And the number of vulnerabilities in the information systems of health organizations is not about to fall. Indeed, the growing number of connected objects used, the presence of unpartitioned networks, weak access controls and the dependence on aging systems make the health sector particularly attractive to hackers. In 45% of hacking cases, the authors take advantage of an application bug, go through a malicious email or cryptovirus software. The impact of a safety accident can be dramatic from a financial point of view; it can also lead to a real risk to the patient.

As examples, an intrusion with the decommissioning of the information systems of an ARS during 24 hours has generated intervention costs by a service provider of the order of 10 000 €, the loss of productivity is estimated at nearly € 40,000, for a total of € 50,000; a cryptovirus in EHPAD cost € 50,000 in direct intervention costs and indirect costs; the piracy of the standard of a hospital center has generated a telephony overcharging of the order of 40 000 €.

As another example, Dick Cheney, former Vice President of the United States, revealed that his cardiologist had disabled the wireless function of his pacemaker for fear of terrorist hacking. Fortunately, no one has been affected to date, but this kind of scenario worthy of an American series is now a reality.

How to protect an organization effectively?

As in any fight, it is important to know your opponent. Risk mapping is the cornerstone of any information system security action plan. The various staff and partners and the same users must be trained, sensitized, and educated on the latest attack techniques and vulnerabilities.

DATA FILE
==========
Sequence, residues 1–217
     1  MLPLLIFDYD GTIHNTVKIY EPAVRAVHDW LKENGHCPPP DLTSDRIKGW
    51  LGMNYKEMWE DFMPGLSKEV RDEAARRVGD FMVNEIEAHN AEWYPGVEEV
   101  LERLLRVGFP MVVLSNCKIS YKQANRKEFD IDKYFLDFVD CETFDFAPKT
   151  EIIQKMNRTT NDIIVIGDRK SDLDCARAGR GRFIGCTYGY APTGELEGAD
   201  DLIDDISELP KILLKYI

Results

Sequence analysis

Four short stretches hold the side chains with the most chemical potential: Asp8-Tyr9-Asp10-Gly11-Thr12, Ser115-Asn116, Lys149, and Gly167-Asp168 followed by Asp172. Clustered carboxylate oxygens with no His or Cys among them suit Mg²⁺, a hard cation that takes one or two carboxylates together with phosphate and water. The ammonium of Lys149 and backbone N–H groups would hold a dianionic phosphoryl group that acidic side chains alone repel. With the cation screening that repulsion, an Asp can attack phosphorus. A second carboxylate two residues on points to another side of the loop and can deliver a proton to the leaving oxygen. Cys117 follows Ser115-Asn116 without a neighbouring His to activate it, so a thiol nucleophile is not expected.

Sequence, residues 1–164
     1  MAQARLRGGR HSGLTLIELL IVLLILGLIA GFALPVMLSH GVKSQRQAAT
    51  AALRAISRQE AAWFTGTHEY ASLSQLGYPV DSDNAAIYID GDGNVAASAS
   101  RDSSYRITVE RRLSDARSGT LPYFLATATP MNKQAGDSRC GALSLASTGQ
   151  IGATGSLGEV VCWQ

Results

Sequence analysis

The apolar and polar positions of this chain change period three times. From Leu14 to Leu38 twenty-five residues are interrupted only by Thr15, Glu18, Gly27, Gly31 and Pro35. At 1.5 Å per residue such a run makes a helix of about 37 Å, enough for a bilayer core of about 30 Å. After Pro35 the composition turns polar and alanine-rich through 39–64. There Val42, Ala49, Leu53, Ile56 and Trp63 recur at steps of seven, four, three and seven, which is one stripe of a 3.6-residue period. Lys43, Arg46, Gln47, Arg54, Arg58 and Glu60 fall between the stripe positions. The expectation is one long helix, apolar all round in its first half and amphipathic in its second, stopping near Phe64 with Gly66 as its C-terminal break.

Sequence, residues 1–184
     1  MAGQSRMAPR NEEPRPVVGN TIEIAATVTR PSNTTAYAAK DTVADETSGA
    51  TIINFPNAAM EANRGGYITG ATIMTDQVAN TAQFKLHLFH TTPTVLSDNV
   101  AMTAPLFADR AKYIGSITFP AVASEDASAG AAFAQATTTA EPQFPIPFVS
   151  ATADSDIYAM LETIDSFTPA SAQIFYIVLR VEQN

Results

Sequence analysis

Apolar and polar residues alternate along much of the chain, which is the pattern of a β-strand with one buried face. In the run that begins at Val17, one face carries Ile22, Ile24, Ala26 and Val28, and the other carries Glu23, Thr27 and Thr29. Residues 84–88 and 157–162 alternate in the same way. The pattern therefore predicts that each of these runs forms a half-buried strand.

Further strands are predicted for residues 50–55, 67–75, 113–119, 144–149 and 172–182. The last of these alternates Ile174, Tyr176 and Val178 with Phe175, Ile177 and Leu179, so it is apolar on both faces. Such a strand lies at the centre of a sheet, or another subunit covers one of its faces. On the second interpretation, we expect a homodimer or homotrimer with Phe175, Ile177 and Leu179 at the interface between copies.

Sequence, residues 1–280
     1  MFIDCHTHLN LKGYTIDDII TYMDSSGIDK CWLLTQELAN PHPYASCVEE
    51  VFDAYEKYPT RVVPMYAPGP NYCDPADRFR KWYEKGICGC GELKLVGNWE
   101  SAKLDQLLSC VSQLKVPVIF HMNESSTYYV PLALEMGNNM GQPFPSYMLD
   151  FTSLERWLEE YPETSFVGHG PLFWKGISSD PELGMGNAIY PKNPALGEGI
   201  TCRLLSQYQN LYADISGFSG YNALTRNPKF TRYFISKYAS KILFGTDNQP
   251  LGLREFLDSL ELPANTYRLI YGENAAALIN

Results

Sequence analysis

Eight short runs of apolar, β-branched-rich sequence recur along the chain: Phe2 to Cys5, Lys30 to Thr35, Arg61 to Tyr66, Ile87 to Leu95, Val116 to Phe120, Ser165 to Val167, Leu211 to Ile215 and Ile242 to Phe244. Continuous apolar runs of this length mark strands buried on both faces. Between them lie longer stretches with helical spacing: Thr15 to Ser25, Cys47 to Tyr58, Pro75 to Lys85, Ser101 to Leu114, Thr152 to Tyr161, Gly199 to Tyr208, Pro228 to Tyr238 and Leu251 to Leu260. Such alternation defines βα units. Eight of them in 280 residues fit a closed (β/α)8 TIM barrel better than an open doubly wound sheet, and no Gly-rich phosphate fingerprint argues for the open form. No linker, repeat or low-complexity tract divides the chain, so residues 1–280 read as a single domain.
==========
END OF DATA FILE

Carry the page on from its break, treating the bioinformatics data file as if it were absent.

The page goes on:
It is in this sense that the various institutions at European and French level act. While the implementation of the GDPR has played a major role in raising awareness among health organizations of the importance of securing quality data, efforts must be strengthened.

In France, since 1 October 2017, health structures have been required to report to regional health agencies ("ARS") IT security incidents that are considered "serious" and "significant". The "Asip santé" was responsible for providing support for incident handling, through the "ACSS unit" and in conjunction with the "ARS". But the french Ministry of Health chaired by Agnès Buzyn wants to go further and proposes to extend the incident reporting system to all health actors and to set up a national cybersurveillance service by 2020.

Most security vulnerabilities are due to a "lack of vigilance" and a "misunderstanding" of cybersecurity rules. It is therefore important to be accompanied and effectively protect its security systems by equipping itself with real-time threat detection tools such as security detection probes Gatewatcher. It is interesting to also develop machine learning and artificial intelligence that can anticipate the evolution of hacking>
Piracy of connected objects is a major concern, particularly in the health sector, that’s why the French national drug safety agency has launched a public consultation to better take into account the cybersecurity of medical devices in Europe. As the culture of cybersecurity is very heterogeneous among medical device manufacturers, it is becoming essential to regulate so that the risk of cyber attacks is taken into account from the product design stage. See you in December for the final results of this exclusive consultation in Europe.